When someone moves on from leading a company, the wider organization needs to know the company is in good hands. This can only be achieved when the transition of leadership has been planned for and all key stakeholders have been informed about the changes and are on board.
The confidence and calm a succession plan can provide to both the family and other stakeholders is especially important considering the current economy. With the global economy continuing to slow and inflation having hit hard over the last few years, companies that are not prepared for the future and are not unified, are more likely to suffer.
The Critical Role of Communication
Clear, open communication is a fundamental pillar of a good succession plan. This is especially true in family businesses where there can be entrenched family dynamics at play. In these kinds of businesses, the topic of leadership and succession can be highly emotive.
The report shows communication can often break down when topics such as the appointment of roles and division of responsibilities among family members are discussed. Respondents also cited cases where the patriarch or matriarch doesn’t want to relinquish control as a roadblock to productive conversations.
Good communication allows you to resolve any family conflicts that can arise during succession-planning conversations and decide together who is best to lead the business in the future. This will include discussing the family’s vision for the business as a whole, the core values you all want to carry on, and the future goals and priorities you have for the business.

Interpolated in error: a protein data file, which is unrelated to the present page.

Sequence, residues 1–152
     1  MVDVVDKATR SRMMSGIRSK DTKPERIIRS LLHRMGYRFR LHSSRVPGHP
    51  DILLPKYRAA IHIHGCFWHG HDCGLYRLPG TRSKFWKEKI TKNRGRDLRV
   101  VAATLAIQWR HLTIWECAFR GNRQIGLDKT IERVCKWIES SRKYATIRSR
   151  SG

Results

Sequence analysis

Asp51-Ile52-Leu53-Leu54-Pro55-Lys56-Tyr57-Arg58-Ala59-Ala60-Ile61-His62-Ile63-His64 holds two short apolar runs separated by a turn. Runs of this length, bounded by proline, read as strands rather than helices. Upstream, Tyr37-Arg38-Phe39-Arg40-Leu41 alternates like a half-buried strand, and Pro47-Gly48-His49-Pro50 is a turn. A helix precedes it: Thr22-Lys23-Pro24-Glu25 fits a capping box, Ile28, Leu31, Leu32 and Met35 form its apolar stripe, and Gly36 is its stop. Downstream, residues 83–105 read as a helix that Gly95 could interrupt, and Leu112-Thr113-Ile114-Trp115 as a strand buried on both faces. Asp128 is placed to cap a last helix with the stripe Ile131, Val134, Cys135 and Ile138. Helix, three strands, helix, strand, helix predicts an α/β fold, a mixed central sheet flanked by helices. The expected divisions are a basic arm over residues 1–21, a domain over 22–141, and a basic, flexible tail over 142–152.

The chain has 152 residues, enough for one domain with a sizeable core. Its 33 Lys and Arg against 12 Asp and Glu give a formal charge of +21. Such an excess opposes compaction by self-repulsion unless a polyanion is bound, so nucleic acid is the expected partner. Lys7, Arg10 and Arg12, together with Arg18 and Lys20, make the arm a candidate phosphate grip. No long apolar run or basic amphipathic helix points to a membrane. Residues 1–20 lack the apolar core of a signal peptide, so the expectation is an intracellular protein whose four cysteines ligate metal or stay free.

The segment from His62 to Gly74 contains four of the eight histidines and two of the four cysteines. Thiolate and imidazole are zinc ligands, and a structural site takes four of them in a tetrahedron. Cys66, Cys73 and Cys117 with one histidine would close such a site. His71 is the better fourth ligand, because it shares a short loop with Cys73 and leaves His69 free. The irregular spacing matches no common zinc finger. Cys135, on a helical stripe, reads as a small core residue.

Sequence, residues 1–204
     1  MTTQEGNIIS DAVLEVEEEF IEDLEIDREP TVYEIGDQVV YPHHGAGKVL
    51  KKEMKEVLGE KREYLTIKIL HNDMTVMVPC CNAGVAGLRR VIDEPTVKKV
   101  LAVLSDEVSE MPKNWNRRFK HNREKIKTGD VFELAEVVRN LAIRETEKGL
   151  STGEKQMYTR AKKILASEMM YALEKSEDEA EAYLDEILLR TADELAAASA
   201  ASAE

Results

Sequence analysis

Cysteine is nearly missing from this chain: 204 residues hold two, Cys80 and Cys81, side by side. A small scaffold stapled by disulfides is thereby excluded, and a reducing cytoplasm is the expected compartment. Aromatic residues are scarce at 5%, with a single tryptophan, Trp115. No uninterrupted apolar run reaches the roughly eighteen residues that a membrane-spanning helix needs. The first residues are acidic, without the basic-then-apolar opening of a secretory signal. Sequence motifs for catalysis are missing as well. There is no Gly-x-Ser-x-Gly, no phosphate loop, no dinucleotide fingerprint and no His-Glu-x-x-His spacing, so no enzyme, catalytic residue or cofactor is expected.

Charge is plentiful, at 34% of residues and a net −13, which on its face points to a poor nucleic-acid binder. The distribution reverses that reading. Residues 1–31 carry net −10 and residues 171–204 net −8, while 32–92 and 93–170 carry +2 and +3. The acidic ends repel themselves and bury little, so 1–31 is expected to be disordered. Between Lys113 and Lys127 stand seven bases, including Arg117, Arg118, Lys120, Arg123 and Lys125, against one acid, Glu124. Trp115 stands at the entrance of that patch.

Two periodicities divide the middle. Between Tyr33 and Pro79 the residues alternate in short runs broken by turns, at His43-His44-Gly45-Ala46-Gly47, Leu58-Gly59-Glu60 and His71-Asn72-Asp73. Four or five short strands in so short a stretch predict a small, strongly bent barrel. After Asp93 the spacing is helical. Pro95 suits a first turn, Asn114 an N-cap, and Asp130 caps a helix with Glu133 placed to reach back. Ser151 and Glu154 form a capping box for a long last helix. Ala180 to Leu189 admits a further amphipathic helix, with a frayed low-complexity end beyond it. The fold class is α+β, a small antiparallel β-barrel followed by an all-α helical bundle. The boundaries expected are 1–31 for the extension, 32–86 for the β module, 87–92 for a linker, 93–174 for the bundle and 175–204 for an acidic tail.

We understand that conversations around succession are not always easy to have and often do not come naturally. At Entrust Wealth Partners, we are always on hand to help you navigate the succession planning process and the sometimes difficult conversations that come along with it.
Succession planning is essential to safeguard the future of your business, and so too is having open communication channels within the family. This way, everyone is clear on the future plan for the business, and the steps they need to put in now to make that happen.
Succession planning however is not always simple, it not only requires extensive, open conversations, but it also requires analysis of many factors both professional and personal.
Your wealth advisor can help you through this planning and the necessary steps involved, as well as help to revise your plan periodically to make sure it stays up to date. Reach out to your Entrust Wealth Partners advisor to start building your succession plan today.
The opinions voiced in this material are for general information only and are not intended to provide specific advice or recommendations for any individual. To determine which strategies or investments may be suitable for you, consult the appropriate qualified professional prior to making a decision.
This material was prepared by Courtney Henry Consulting.